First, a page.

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Middlebury area receives month's worth of rain in three hours

A person in rain boots walks on a road the is split horizontally due to flood waters.
Stacey Peters
Flood waters damaged Fassett Hill Road in Hancock on Aug. 3 and 4.

A line of storms brought an excess of 6 inches of rain to parts of the Middlebury area Thursday afternoon and evening, in a span of just a few hours.

"We had a line of storms moving towards the Middlebury area, and it kind of just parked itself right over the central-south Addison County," said Marvin Boyd, chief meteorologist with the National Weather Service in Burlington.

"That's about a month of rainfall in three hours, so of course that led to flash flooding," Boyd said.

Orange construction cones sit on a road; in the background, several people work on removing part of the road.
Stacey Peters
Road crew work to remove a section of VT 125 in Hancock after flooding on August 3.

According to Vermont Emergency Management, Routes 125 and 116 sustained major damage during the storm.

Roads were impacted in Hancock, Granville and Ripton, among other places.

Some areas of Middlebury have limited boil water notices following the storms. A culvert washout on Route 116 caused a water main to break, impacting the town from the Jehovah Witness Church on Route 116 up north to Butternut Ridge, Mead Lane and the Lindale Trailer Park.

It may take a couple weeks before the water main is permanently fixed. Residents are advised to boil their water for one minute before consuming, or using it to brush teeth or wash dishes.

Fish and Wildlife Commissioner Christopher Herrick was serving as the Emergency Operations Center manager on Friday.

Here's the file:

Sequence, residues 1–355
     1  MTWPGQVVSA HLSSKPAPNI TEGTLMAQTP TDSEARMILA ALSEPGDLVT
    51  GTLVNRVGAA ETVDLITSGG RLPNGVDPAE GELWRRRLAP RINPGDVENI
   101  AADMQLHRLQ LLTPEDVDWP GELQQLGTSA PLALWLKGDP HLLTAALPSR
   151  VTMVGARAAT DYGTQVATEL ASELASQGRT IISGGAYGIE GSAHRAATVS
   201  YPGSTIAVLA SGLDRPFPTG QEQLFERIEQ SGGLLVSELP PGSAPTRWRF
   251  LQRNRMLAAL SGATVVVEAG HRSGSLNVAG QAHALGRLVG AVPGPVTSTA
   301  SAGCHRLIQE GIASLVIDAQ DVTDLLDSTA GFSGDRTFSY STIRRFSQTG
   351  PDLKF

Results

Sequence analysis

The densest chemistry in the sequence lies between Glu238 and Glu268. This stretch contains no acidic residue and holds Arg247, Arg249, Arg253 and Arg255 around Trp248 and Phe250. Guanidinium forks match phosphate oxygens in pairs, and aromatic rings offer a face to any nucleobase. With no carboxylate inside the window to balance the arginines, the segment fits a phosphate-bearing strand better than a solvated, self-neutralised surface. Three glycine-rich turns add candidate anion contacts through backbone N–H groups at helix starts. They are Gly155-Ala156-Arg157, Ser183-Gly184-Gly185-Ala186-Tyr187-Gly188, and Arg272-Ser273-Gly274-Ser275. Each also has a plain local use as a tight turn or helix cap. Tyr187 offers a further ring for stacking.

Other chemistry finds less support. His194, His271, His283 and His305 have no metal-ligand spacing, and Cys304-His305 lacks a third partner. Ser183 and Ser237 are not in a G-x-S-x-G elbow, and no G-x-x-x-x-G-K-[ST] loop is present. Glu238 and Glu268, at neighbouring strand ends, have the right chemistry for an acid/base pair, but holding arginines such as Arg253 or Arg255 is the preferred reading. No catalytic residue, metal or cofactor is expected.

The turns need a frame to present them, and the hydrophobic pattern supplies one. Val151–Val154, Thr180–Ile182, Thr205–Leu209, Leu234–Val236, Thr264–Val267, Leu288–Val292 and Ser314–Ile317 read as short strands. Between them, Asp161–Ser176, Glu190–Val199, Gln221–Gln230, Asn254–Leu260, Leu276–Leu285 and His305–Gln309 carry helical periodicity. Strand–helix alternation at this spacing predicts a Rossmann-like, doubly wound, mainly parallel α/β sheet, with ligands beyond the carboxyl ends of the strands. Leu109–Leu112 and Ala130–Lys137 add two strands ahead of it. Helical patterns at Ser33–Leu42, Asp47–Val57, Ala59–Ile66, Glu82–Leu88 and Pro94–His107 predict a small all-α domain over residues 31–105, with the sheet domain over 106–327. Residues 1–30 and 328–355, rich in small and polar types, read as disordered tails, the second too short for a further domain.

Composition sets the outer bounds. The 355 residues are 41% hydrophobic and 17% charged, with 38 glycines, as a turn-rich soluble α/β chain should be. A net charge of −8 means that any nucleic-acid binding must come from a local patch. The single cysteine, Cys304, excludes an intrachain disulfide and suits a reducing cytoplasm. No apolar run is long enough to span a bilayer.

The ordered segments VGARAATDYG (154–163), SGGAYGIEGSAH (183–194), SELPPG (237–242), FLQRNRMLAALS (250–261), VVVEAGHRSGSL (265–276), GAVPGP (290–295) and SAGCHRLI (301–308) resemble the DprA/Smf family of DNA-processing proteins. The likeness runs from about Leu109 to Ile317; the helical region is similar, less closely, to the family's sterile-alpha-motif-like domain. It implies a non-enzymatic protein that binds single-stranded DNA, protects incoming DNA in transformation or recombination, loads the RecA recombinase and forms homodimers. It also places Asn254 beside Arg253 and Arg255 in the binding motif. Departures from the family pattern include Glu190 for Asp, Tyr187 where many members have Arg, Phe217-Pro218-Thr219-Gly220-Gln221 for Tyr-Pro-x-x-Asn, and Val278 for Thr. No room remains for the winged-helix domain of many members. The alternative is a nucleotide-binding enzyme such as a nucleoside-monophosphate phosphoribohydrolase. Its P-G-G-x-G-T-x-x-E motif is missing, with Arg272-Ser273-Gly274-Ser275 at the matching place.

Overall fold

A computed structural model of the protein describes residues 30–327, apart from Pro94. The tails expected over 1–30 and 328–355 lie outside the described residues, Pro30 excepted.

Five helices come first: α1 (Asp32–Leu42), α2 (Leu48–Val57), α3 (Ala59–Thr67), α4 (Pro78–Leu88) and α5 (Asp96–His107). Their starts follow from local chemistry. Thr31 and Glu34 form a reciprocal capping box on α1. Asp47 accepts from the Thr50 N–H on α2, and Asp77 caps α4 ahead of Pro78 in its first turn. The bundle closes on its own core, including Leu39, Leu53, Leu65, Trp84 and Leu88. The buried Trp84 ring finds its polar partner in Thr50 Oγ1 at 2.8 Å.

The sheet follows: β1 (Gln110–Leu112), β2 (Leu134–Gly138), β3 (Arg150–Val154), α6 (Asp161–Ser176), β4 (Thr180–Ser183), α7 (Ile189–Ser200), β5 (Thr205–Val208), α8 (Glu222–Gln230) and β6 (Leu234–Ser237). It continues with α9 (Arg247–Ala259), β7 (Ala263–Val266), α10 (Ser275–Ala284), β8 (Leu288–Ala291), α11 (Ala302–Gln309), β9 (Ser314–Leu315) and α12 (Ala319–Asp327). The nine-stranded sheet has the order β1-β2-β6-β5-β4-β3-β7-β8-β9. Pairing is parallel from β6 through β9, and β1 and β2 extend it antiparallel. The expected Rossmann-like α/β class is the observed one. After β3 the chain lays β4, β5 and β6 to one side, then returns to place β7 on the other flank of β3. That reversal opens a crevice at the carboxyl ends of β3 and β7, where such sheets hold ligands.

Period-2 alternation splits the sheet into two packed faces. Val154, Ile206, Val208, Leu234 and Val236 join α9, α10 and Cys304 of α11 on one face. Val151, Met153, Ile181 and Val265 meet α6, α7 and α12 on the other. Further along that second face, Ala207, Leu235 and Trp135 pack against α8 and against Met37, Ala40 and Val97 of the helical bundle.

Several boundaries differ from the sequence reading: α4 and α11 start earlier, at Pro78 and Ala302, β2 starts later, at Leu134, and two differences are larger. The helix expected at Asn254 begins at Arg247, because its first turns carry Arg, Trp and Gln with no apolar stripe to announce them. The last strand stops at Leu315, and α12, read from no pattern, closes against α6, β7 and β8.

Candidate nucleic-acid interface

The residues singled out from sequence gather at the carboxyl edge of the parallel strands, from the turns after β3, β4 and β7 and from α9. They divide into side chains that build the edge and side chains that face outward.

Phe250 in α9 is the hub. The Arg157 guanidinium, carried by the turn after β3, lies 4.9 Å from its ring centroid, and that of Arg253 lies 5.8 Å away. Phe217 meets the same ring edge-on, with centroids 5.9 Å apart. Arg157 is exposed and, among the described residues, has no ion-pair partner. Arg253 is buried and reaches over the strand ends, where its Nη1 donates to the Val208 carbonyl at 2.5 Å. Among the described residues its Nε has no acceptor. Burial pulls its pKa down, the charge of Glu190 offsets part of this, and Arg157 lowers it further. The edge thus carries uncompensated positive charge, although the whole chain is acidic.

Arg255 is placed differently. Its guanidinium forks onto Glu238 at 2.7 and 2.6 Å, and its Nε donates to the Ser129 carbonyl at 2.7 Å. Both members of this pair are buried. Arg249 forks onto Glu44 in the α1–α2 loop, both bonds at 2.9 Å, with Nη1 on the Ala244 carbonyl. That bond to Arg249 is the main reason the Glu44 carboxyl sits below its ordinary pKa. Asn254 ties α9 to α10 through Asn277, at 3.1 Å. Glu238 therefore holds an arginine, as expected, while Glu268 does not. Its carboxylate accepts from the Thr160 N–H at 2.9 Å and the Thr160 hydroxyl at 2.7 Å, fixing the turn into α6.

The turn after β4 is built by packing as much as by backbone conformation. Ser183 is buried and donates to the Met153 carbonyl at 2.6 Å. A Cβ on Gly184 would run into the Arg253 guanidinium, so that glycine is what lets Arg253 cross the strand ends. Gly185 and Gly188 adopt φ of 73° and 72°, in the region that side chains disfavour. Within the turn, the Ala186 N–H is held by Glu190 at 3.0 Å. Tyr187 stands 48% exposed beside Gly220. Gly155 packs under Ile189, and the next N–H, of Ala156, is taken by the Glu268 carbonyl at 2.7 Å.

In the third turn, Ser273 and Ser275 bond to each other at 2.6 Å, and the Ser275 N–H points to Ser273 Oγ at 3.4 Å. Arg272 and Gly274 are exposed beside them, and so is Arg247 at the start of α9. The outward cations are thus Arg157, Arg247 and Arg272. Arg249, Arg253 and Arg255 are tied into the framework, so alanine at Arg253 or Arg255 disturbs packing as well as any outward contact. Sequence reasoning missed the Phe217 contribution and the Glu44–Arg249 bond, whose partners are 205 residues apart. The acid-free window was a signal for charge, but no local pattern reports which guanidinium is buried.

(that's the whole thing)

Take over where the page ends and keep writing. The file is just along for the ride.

He said as of 11:45 a.m. Friday, urban search and rescue teams performed three swift water rescues in Addison County related to the storms.

Herrick said teams would be staged in the Middlebury area Friday afternoon and evening.

With heavily saturated soils in that part of the state, emergency managers were also keeping an eye out for mudslides or the risk of mudslides.

"There's a task force going and looking at high-risk areas, where we have reports of potential landslides, to evaluate the risk or any damage that may have occurred," Herrick said.

As of noon Friday, every Vermont county except for Grand Isle was under a flash flood watch.

Boyd said another series of storms will be moving through eastern New York and Vermont Friday afternoon and evening.

These will likely appear as multiple rounds of thunderstorms.

"We kind of have the gamut of concerns from severe gusty winds — winds in excess of 50 miles per hour out of thunderstorms that can down trees, power lines. We also have concerns of hail at around an inch in diameter," Boyd said.

The National Weather Service is forecasting rainfall totals of about a half an inch to an inch as storms move through.

But Boyd said if multiple storms move through an area rapidly, some communities could see as much as two inches of rain.

He said what happened in Middlebury was a special case he hopes won't repeat itself soon.

"This is not like the July 10 timeframe where we had 28 hours of rainfall. It's not the same setup," he said of Friday's forecast. "However, it is a wet pattern and it's been one that's repeating."

Commissioner Herrick urged Vermonters to be prepared in the event of more flash flooding Friday — particularly in flood prone areas in Addison and Rutland counties.